Kudsi Erguner: The man who touches hearts through ney

HAKAN ARSLANBENZER
ISTANBUL
Published
Kudsi Erguner: The man who touches hearts through ney

Kudsi Erguner has been playing the ney (reed flute) masterfully for 40 years, introducing the sentimental tones to Turkish and international audiences

Classical Turkish arts of Islamic origin survived the negligence and prohibition of single party rule in the early Republican era and still live today. In particular, Turkish classical music, including both royal and mystic genres, has not only a wide domestic audience, but it has also spread abroad through festivals and international concerts.

Among Turkish classical music genres, mystic music originating from the rites of the Mevlevi Sufi order has attracted worldwide attention. Indeed, the Mevlevi rite is a compact event including music, prayer and ceremony. Beginning in the 1950s, thanks to the political softening against Islamic and Ottoman tradition, Mevlevi rituals have been performed publicly.

During the late 1970s, Mevlevi musicians started a new phase in the history of their music genre. Nezih Uzel, a dedicated conveyor of the traditional genre, once complained about the fact that Mevlevi music was presented to the audience as mere folklore.

He thought that Mevlevi music should be performed separately to survive. So, he and Kudsi Erguner, a young virtuoso at that time, recorded an LP in France, "Turquie: Musique Soufi," in 1977, which is considered a milestone in Mevlevi music's becoming a worldwide genre.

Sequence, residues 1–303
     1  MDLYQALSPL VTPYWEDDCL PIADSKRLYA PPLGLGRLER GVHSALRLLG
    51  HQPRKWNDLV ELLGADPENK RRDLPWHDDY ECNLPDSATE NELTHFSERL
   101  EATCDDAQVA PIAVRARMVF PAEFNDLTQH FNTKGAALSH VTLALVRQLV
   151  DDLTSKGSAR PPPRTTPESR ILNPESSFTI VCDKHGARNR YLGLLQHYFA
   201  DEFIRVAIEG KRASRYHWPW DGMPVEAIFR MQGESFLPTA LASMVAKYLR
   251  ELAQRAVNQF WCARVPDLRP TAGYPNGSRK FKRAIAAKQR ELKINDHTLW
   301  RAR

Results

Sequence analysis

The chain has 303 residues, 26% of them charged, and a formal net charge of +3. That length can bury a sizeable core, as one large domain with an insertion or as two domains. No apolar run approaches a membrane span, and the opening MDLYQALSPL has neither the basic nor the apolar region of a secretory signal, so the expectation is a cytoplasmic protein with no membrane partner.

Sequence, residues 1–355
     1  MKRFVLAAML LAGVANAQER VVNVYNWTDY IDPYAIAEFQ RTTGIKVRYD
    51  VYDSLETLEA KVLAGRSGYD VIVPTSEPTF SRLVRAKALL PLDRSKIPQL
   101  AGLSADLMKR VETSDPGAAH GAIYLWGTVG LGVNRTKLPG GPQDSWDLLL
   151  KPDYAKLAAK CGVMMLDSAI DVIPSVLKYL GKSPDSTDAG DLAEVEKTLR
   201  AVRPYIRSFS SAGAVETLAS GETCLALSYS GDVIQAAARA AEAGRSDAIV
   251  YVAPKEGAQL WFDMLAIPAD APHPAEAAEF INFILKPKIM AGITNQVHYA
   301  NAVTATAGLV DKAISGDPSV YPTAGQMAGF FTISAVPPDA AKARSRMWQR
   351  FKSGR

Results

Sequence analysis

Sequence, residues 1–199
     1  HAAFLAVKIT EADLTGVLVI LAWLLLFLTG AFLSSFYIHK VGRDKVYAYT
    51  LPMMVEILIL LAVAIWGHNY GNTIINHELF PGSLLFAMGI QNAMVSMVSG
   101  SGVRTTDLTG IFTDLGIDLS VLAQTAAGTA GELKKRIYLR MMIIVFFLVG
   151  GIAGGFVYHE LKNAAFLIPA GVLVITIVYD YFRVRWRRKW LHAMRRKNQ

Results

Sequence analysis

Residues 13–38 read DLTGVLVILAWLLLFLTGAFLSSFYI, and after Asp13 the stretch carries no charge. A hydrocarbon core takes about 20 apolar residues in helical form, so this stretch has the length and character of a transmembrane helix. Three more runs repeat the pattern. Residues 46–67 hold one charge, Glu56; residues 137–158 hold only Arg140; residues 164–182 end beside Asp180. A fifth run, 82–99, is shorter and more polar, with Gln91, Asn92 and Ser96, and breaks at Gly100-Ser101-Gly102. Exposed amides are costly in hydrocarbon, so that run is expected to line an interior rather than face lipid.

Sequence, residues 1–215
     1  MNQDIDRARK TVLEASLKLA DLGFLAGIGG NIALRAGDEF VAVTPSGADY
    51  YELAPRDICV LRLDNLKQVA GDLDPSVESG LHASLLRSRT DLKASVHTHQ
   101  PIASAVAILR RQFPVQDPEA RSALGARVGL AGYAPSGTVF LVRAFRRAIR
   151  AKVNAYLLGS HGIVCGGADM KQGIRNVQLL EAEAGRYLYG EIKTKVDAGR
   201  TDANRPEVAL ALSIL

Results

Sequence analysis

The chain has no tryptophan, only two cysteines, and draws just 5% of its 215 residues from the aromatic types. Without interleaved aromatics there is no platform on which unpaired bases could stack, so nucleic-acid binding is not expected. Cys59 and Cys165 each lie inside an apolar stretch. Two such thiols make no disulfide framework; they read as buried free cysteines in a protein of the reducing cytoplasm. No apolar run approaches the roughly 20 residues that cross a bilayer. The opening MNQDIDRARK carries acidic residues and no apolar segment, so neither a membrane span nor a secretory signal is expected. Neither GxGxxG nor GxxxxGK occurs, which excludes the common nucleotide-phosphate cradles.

This early recording pushed the young ney (reed flute) player, Kudsi Erguner forward as a "world musician." For more than 40 years, Erguner played his ney all around the world on many occasions. His sentimental, deep and dignified style helped the ney sound become one of the top sounds in world music.

Early life

Kudsi Erguner was born Feb. 4, 1952, in Diyarbakır, to an artistic family. His grandfather Süleyman Erguner was a muezzin and ney player. Süleyman taught his son Ulvi how to play the ney, and Ulvi taught it to his sons Kudsi and Süleyman later. Grandfather Süleyman Erguner was a public servant working at the Official Tobacco Institution, while Ulvi Erguner was a military officer. Though Süleyman played the ney only for the sake of tradition and love of music, his son Ulvi managed to play in the Military Band. However, ney playing stayed as an unofficial family tradition until Ulvi Erguner retired from the military and began working at TRT (Turkish Radio and Television) Istanbul Radio. He started Sufi music shows at the station in 1974.

The third generation, namely brothers Kudsi and Süleyman, adopted the family tradition as a profession, too. Both are known for their virtuoso ney playing and have been invited to show their talent around the world.